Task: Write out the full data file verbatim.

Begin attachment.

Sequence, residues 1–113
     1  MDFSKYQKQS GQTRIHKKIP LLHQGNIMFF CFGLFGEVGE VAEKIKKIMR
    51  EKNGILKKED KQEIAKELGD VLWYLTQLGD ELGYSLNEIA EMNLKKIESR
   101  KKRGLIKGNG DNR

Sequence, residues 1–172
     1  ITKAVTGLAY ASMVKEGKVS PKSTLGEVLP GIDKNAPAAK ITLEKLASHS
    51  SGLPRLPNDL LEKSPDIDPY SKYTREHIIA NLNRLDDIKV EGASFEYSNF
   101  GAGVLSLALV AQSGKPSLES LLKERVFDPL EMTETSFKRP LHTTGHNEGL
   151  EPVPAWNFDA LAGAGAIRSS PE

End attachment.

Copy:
Sequence, residues 1–113
     1  MDFSKYQKQS GQTRIHKKIP LLHQGNIMFF CFGLFGEVGE VAEKIKKIMR
    51  EKNGILKKED KQEIAKELGD VLWYLTQLGD ELGYSLNEIA EMNLKKIESR
   101  KKRGLIKGNG DNR

Sequence, residues 1–172
     1  ITKAVTGLAY ASMVKEGKVS PKSTLGEVLP GIDKNAPAAK ITLEKLASHS
    51  SGLPRLPNDL LEKSPDIDPY SKYTREHIIA NLNRLDDIKV EGASFEYSNF
   101  GAGVLSLALV AQSGKPSLES LLKERVFDPL EMTETSFKRP LHTTGHNEGL
   151  EPVPAWNFDA LAGAGAIRSS PE